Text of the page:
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Does Chegg (NYSE:CHGG) Have The Makings Of A Multi-Bagger?

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Simply Wall St
·3 min read
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If you're looking for a multi-bagger, there's a few things to keep an eye out for. In a perfect world, we'd like to see a company investing more capital into its business and ideally the returns earned from that capital are also increasing. Put simply, these types of businesses are compounding machines, meaning they are continually reinvesting their earnings at ever-higher rates of return. So when we looked at Chegg (NYSE:CHGG) and its trend of ROCE, we really liked what we saw.

What is Return On Capital Employed (ROCE)?

If you haven't worked with ROCE before, it measures the 'return' (pre-tax profit) a company generates from capital employed in its business. To calculate this metric for Chegg, this is the formula:

Return on Capital Employed = Earnings Before Interest and Tax (EBIT) ÷ (Total Assets - Current Liabilities)

0.017 = US$23m ÷ (US$1.5b - US$102m) (Based on the trailing twelve months to March 2020).

Therefore, Chegg has an ROCE of 1.7%. In absolute terms, that's a low return and it also under-performs the Consumer Services industry average of 7.7%.

Check out our latest analysis for Chegg

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In the above chart we have a measured Chegg's prior ROCE against its prior performance, but the future is arguably more important. If you're interested, you can view the analysts predictions in our free report on analyst forecasts for the company.

How Are Returns Trending?

The fact that Chegg is now generating some pre-tax profits from its prior investments is very encouraging. The company was generating losses five years ago, but now it's earning 1.7% which is a sight for sore eyes. And unsurprisingly, like most companies trying to break into the black, Chegg is utilizing 481% more capital than it was five years ago. This can tell us that the company has plenty of reinvestment opportunities that are able to generate higher returns.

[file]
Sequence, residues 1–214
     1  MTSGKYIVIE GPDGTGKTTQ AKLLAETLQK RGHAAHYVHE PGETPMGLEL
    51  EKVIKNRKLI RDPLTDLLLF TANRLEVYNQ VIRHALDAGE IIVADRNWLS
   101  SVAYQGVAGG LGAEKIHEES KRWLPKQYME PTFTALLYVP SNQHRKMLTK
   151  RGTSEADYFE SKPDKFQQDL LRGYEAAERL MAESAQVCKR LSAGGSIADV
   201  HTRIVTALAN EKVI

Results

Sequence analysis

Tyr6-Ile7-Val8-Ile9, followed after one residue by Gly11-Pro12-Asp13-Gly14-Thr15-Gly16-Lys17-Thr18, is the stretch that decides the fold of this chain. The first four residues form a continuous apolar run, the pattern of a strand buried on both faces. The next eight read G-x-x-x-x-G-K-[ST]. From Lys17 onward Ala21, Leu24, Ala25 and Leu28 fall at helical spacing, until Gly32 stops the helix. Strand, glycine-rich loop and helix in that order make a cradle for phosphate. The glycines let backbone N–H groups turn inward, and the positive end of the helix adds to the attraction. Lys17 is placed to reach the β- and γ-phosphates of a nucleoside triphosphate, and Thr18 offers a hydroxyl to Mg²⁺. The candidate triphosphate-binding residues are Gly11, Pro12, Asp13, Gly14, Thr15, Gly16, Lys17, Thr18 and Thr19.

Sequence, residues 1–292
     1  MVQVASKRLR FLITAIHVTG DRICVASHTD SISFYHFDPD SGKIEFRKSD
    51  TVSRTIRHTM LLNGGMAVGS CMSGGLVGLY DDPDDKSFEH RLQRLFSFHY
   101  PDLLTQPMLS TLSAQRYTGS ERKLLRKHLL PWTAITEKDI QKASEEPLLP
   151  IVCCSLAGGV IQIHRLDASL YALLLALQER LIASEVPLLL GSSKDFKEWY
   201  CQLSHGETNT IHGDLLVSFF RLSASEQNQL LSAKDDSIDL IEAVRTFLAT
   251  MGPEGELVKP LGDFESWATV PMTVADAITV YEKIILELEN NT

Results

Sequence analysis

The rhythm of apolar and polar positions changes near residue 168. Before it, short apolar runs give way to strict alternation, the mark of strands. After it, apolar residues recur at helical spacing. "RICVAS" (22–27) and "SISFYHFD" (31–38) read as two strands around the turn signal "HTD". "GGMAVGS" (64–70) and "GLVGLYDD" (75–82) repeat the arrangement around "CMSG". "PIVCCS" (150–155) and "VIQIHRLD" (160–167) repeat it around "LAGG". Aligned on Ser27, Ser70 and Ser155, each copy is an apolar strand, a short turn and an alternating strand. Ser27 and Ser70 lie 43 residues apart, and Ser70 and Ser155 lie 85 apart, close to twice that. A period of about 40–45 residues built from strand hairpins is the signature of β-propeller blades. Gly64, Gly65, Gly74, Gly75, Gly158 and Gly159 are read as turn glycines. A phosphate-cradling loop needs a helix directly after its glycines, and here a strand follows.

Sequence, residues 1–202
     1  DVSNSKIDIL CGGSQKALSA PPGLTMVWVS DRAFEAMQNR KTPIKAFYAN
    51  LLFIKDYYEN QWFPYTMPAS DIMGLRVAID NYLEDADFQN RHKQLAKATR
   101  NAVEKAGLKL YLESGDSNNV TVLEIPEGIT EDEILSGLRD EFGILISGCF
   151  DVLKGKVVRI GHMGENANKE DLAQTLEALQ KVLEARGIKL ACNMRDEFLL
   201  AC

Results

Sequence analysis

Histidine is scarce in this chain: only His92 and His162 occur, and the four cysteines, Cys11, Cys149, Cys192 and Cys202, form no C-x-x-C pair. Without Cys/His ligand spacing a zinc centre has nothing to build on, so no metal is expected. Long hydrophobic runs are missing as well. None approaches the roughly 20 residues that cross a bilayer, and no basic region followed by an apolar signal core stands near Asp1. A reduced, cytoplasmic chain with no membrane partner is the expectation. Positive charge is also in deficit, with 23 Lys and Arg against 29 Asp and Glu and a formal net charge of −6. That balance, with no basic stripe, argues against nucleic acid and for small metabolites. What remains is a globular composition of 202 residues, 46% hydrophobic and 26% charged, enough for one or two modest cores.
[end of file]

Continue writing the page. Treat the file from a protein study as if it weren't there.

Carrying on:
On a related note, the company's ratio of current liabilities to total assets has decreased to 6.8%, which basically reduces it's funding from the likes of short-term creditors or suppliers. So shareholders would be pleased that the growth in returns has mostly come from underlying business performance.

The Bottom Line On Chegg's ROCE

Overall, Chegg gets a big tick from us thanks in most part to the fact that it is now profitable and is reinvesting in its business. Since the stock has returned a staggering 807% to shareholders over the last five years, it looks like investors are recognizing these changes. With that being said, we still think the promising fundamentals mean the company deserves some further due diligence.

On a separate note, we've found 2 warning signs for Chegg you'll probably want to know about.

While Chegg isn't earning the highest return, check out this free list of companies that are earning high returns on equity with solid balance sheets.

This article by Simply Wall St is general in nature. It does not constitute a recommendation to buy or sell any stock, and does not take account of your objectives, or your financial situation. We aim to bring you long-term focused analysis driven by fundamental data. Note that our analysis may not factor in the latest price-sensitive company announcements or qualitative material. Simply Wall St has no position in any stocks mentioned.

Have feedback on this article? Concerned about the content? Get in touch with us directly. Alternatively, email editorial-team@simplywallst.com.